This article originally appeared on VICE US.
The UN’s Intergovernmental Panel on Climate Change (IPCC) released a comprehensive special report on Wednesday about the effects of the human-driven climate crisis on Earth’s oceans. As is now unfortunately customary, the findings are incredibly dire.
Here are some of the report’s findings and predictions: Earth’s oceans are becoming more acidic and less oxygenated, and marine heatwaves have doubled since 1982, making the seas increasingly inhospitable to life; collapsing marine food webs threaten the food and livelihoods of billions of people; rising sea levels and intensifying superstorms threaten to destroy and displace communities around the world; ocean animals are already on the move, migrating toward the poles at an average rate of 32 miles per decade, seeking relief from warming waters.
Authored by more than 100 researchers and compiled from nearly 7,000 studies, the IPCC report confirms that Earth’s marine habitats and its cryosphere—our planet’s water ice regions—are suffering drastic changes as a result of anthropogenic greenhouse gas emissions fueling climate change.
“The open sea, the Arctic, the Antarctic, and the high mountains may seem far away to many people,” said Hoesung Lee, chair of the IPCC, in a statement. “But we depend on them and are influenced by them directly and indirectly in many ways—for weather and climate, for food and water, for energy, trade, transport, recreation and tourism, for health and wellbeing, for culture and identity.”
Marine scientists, coastal communities, and commercial fisheries have been sounding the alarm about these changes for decades, but the new IPCC report collates their warnings into an interlinked global picture.
One of the most devastating pressures on the ocean is the shrinking of the cryosphere, which is the biome undergoing the most rapid transformation due to climate change. The IPCC report found that ice melt from Greenland, Antarctica, and mountain glaciers are the dominant force behind global sea level rise.
Even if humans manage to reduce greenhouse gases enough to stay within a 1.5°C global temperature increase, ocean levels will still rise by a foot or two by 2100, the report said. But if we don’t meet that target, sea levels could increase by three feet, or more, by the end of the century. This would disrupt coastal habitats and communities around the world, to say nothing of the devastating effects it will have on polar and glacial ecosystems.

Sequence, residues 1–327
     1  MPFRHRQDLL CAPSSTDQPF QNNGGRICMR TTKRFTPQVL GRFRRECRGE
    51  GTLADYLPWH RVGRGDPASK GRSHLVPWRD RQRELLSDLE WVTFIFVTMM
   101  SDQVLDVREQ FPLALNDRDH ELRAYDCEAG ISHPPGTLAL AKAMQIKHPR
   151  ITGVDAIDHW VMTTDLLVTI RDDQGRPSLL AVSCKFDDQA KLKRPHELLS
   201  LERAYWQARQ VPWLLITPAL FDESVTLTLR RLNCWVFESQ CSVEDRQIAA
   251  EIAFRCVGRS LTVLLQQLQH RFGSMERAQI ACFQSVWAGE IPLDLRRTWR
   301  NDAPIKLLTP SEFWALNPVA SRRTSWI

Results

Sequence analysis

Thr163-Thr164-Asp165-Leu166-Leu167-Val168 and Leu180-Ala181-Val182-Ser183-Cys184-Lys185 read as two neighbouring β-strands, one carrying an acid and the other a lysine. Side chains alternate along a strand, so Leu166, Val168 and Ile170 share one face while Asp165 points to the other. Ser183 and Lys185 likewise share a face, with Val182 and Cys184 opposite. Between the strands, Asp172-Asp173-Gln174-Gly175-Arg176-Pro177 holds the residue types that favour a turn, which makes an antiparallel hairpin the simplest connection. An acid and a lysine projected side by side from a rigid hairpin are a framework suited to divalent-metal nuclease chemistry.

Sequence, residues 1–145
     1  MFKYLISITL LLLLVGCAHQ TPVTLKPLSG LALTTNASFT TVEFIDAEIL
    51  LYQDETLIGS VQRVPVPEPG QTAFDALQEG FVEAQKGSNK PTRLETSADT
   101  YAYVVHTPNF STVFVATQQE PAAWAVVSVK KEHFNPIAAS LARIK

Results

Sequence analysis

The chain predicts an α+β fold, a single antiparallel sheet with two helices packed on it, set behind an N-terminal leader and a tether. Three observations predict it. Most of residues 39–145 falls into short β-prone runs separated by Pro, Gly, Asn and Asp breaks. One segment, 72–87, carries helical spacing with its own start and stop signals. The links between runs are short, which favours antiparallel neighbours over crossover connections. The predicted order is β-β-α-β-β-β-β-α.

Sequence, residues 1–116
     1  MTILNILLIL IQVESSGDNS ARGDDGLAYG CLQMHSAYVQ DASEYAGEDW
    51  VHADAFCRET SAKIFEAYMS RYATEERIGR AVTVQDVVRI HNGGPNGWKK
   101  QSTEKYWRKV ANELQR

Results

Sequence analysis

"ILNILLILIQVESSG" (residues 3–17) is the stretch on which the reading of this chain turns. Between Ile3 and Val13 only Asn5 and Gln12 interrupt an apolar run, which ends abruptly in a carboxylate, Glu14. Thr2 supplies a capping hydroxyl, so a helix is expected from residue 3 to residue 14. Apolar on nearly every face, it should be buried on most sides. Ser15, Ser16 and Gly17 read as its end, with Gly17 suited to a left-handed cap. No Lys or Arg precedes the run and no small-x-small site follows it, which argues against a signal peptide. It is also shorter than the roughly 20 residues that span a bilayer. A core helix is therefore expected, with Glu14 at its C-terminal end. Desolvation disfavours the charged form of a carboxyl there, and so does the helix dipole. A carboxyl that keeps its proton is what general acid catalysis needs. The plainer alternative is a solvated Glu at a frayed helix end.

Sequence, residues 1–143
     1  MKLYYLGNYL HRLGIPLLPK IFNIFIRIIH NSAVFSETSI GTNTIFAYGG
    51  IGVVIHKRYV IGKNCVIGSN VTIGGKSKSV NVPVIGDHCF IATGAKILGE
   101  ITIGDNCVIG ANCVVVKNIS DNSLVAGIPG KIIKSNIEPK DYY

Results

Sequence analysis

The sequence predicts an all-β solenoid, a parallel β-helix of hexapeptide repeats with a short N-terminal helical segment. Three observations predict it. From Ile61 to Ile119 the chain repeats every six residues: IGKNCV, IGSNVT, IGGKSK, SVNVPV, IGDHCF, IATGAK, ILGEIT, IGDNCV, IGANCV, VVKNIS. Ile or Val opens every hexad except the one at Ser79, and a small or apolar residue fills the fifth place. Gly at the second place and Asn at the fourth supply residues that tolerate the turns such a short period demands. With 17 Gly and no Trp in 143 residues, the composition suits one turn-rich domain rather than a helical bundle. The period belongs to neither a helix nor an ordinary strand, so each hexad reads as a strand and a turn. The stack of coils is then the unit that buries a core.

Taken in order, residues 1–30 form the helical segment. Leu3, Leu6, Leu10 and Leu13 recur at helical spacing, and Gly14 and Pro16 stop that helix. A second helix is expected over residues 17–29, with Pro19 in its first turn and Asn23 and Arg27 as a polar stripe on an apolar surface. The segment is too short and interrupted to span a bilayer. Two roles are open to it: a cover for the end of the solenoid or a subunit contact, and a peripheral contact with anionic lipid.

Just as these frozen water regions are being reshaped by climate change, so are the ocean’s warmest regions. Marine heatwaves, which can wipe out entire local ecosystems, are twice as frequent as they were 30 years ago, and are expected to become 20 to 50 times more common this century.
These extreme events, along with increasing acidification and oxygen depletion, are already disrupting marine migrations in the sea. Species such as cod, haddock and mackerel, which are important sources of food and income for humans, have expanded their distributions by hundreds of miles to escape the changes at lower latitudes.
In addition to experiencing food and economic losses from these changes, humans across the world will increasingly be battered by extreme storm surges and floods caused by warming, rising waters. The IPCC report projects that surges that would have been considered “once in a century” disasters in the early 1900s will be annual events for many low-lying coastal communities by 2050.
It’s understandable to be overwhelmed or intimidated by the depth of this problem, and there’s no question that Earth’s oceans and cryosphere have already sustained permanent damage as a result of human activity. But the more extreme projections, which reflect a world in which we fail to meet IPCC targets, is still a preventable future, according to the report.
“We will only be able to keep global warming to well below 2°C above pre-industrial levels if we effect unprecedented transitions in all aspects of society, including energy, land and ecosystems, urban and infrastructure as well as industry,” concluded Debra Roberts, co-chair of IPCC Working Group II, in a statement.
“The more decisively and the earlier we act, the more able we will be to address unavoidable changes, manage risks, improve our lives, and achieve sustainability for ecosystems and people around the world—today and in the future,” Roberts said.